In the shaker: Prebatched punches with a hint of history

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Nothing says ‘it’s party time’ more than a bowl of punch. Anistatia Miller and Jared Brown explore the evolution of a drink that’s easy to like, easy to drink and easy to pre-make – leaving you more time to enjoy yourself


A cause for celebration was all one needed to convene friends for food and drink at home during the days of Queen Victoria. Is it any different today? We seem to have rediscovered the joys of entertainment at home or in a bar as a warming alternative to tribal gatherings in more raucous venues.

But who wants to be left stirring up yet another round of pitcher-sized Margaritas, Sangria or Daiquiris for their gang as they hover over a box-set marathon of Game of Thrones or a rousing round of Monopoly? And who wants to spend the whole night stirring, throwing and shaking, leaving their guests to have all the fun?

We first looked to our favourite barman from those ‘banquet years’ for inspiration. Harry Johnson batched up champagne cups for bottling prior to service long before our contemporary call for low-alcohol mixed drinks.

His Crimean Cup à la Marmora married champagne with cognac, rum and maraschino liqueur diluted to strength with soda water, which was then bottled and chilled in advance. Pouring into an ice-filled punch bowl and topping with citrus and pineapple was the only other preparation required.

What we’re drinking

A rich and frothy Bourbon or Rye Sour is a wonderful autumn sip, but it was lost for the same reason the Old Fashioned died in decades past – badly made, garnished with the wrong fruit.

As we make our own maraschino cherries, we tend to slip a bit
of the liquid from them into the mix.

Another favourite variation is the New York Sour, which has seen a recent resurgence, though the wine you choose can make a huge difference to the drink. We lean towards a red with a lot of berry flavours to it, such as a Saint-Émilion.

For an even simpler serve, his Claret Cup brought four parts Bordeaux wine with one part champagne and one part soda water for dilution, which was executed and decorated in the same manner.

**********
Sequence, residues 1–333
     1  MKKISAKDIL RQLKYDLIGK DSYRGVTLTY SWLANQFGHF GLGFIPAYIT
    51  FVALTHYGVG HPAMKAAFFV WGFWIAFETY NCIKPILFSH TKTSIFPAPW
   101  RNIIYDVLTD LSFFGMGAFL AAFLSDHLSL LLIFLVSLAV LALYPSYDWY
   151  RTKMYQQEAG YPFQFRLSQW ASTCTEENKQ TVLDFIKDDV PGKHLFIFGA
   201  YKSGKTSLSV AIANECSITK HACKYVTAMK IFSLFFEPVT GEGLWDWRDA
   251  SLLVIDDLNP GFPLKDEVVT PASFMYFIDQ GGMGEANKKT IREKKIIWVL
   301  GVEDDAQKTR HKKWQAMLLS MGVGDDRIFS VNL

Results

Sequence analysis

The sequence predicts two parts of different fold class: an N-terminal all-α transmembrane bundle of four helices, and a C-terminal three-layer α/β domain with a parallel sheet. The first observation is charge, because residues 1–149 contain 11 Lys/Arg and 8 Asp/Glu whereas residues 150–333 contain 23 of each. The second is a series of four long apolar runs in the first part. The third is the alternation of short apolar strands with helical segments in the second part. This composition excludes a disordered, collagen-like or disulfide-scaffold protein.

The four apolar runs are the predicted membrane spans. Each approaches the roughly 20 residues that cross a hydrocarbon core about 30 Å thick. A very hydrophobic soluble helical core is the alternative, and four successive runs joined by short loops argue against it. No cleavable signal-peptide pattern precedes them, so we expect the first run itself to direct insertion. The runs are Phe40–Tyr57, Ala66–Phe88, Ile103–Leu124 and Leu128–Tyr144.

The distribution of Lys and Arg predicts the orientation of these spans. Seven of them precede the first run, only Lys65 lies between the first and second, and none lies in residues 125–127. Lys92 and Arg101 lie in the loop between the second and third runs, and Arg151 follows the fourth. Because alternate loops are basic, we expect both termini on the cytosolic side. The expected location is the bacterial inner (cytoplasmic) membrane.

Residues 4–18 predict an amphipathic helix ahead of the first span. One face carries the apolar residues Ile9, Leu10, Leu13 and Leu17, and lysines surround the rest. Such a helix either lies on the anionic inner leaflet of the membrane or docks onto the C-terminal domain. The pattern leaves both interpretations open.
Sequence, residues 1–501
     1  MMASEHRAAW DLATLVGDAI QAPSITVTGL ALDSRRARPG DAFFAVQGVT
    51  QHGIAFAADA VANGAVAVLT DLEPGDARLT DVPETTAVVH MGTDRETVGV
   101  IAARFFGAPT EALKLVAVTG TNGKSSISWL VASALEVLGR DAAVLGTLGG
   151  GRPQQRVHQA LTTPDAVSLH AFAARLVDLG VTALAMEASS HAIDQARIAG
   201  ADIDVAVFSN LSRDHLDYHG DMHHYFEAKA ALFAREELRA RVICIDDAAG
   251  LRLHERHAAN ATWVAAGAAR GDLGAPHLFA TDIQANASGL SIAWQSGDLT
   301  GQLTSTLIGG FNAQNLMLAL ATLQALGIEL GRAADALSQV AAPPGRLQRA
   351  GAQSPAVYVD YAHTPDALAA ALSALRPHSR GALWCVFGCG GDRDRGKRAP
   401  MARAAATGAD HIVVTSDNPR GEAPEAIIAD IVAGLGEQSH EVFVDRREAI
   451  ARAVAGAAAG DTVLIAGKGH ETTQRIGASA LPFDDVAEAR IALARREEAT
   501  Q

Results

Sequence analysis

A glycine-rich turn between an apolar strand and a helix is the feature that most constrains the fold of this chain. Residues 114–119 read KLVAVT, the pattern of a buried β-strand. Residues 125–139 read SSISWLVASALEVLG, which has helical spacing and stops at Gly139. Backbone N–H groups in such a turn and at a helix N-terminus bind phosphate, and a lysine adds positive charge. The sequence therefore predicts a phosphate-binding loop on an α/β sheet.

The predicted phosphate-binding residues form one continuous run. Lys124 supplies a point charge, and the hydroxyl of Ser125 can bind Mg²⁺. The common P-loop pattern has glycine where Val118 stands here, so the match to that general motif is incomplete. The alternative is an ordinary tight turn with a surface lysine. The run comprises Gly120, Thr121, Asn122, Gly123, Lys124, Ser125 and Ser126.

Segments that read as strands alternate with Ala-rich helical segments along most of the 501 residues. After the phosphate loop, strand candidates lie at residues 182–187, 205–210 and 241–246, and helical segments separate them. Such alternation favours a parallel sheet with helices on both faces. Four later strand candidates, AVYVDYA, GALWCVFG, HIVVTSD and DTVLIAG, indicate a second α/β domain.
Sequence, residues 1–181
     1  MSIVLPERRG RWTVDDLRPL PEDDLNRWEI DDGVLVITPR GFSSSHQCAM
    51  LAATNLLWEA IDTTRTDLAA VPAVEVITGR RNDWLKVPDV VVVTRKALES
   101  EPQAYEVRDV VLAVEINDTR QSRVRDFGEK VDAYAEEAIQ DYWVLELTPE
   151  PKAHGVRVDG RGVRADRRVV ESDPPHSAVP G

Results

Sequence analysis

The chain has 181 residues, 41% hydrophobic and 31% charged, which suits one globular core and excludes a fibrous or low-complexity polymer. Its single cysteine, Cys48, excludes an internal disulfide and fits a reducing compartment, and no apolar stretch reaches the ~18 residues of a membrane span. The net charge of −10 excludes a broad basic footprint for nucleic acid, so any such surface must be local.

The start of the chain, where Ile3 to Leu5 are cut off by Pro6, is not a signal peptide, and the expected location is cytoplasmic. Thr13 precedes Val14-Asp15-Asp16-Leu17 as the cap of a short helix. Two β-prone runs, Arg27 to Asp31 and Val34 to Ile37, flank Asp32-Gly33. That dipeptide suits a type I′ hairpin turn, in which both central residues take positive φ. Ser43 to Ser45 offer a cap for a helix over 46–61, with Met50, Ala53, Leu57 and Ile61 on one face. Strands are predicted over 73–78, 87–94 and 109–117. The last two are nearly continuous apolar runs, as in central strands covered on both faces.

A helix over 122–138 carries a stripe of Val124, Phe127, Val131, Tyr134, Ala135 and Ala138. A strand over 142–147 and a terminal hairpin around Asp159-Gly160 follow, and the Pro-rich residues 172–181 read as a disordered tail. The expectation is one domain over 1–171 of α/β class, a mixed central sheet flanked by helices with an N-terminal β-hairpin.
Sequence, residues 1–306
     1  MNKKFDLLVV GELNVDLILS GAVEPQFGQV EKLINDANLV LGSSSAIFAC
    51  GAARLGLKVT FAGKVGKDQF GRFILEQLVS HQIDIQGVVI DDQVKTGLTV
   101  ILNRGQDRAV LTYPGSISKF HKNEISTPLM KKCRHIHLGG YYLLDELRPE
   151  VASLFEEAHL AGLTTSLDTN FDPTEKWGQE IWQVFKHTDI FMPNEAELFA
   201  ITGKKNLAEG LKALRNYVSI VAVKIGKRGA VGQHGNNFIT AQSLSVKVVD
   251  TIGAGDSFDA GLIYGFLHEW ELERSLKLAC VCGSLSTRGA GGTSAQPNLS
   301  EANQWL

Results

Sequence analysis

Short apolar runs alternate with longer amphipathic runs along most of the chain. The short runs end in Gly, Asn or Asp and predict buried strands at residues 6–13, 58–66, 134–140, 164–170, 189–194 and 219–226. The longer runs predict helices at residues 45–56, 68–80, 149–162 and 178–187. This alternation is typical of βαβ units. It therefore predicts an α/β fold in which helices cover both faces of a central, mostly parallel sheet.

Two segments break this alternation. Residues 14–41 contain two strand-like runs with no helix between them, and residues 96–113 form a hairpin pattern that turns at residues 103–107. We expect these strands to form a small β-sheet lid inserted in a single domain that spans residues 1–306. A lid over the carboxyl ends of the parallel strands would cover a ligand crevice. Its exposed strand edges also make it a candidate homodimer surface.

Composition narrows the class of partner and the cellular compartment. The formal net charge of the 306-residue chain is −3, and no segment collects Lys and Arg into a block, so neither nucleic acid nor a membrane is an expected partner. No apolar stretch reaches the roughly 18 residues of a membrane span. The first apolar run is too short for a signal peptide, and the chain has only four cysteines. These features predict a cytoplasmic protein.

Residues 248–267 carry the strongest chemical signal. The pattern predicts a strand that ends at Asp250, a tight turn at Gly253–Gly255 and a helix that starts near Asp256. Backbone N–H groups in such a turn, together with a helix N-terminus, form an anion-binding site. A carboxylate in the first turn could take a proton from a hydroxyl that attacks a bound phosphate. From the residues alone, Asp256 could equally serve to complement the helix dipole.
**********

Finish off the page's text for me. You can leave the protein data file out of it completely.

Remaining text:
We have to admit that we are fans of clarified milk punch.

The milk whey softens the sharp edges of the alcohol and, while it dilutes, the mixture imparts a smooth texture to the finish. Johnson’s Duke of Norfolk Punch is the essence of simplicity. Orange and lemon peel and juice are mixed with cognac, sherry and milk, sweetened to taste and steeped in a sealed jug for an entire day.

Strained through a jelly bag until clear, the finished liquid is bottled and is best aged for a few weeks to a month before chilling for service.

When Nick Strangeway opened Mark’s Bar at Hix Soho in 2009, he reintroduced another ‘banquet years’ variation on the clarified milk punch – the Criterion Punch, which was first conjured up by Leo Engel in 1878 for the Criterion Restaurant in Piccadilly Circus. Since then, Strangeway has gone on to craft his whey-enhanced concoctions, such as the St John Milk Punch for the eponymous restaurant, opened in Smithfield by Fergus Henderson.

Just think of it. Mixed drinks prepped a day, a week or even a month in advance that are ready to go straight from the bottle to a waiting vessel filled with ice and some decorative fruit make you a bar star, happy host and relaxed participant in a gathering to remember.

Crimean Cup à la Marmora
Adapted from Harry Johnson’s New and Improved Bartenders’ Manual, 1882

Glass: Punch bowl and cups
Garnish: 2 sliced lemons, 2 sliced
oranges, a few slices of pineapple
Method: Stir ingredients well in a jug or large bowl. Bottle in glass clip-top bottles and chill in a bowl filled with ice to serve.

250ml orgeat syrup or to taste
250ml cognac
125ml maraschino liqueur
125ml Jamaican rum
750ml champagne
750ml soda water

Duke of Norfolk Punch
Adapted from Harry Johnson’s New and Improved Bartenders’ Manual, 1882

Glass: Punch bowl and cups
Garnish: None
Method: Pare the peel of the oranges and lemons so that there is little to no pith then juice the fruit. Place the peel and the juice into a jug with a close-fitting lid. Pour in the cognac, sherry and milk. Dissolve the sugar with a small amount of water and add to the jug. Seal the jug with the lid and allow to rest for 24 hours. Strain through a paper coffee filter or jelly bag until clear. Bottle in glass clip-top bottles and chill in a bowl filled with ice to serve.

3l cognac
1l sherry
2l whole milk
400g caster sugar or to taste
1 lemon
2 oranges

St John Milk Punch
By Nick Strangeway, 2018

Glass: Punch bowl and cups
Garnish: Lemon twist and
seasonal edible flowers
Method: Combine the first five ingredients, stir, then pour this mix into the full-fat milk; it will then curdle. Gently stir to pull together the whey, then strain through a coffee filter. At the start, it will not run through clear so pass through a few times to clarify. Bottle and refrigerate before use. To serve, pour the chilled milk punch over a large chunk of ice and garnish.

320ml honey- and beeswax-infused Hepple gin*
400ml Rare Tea Company Almond Blossom Tea
80ml Lillet Rose
50ml lemon juice
60ml rhubarb and blood
orange syrup**
400ml full-fat milk

*Pour 700ml of Hepple Gin into a vac-pac bag. Add 50g of honey in honeycomb to the bag.
Seal and cook for an hour at 75-80°C in a water bath. Freeze overnight.Next morning, strain through a coffee filter.**Simmer uncovered 350g of roughly chopped rhubarb in 100ml of fresh blood-orange juice, 75ml of water, and 90g caster sugar until the rhubarb begins to disintegrate.

Leave the syrup to cool and then strain the contents of the pan through a fine sieve.

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Jared Brown and Anistatia Miller

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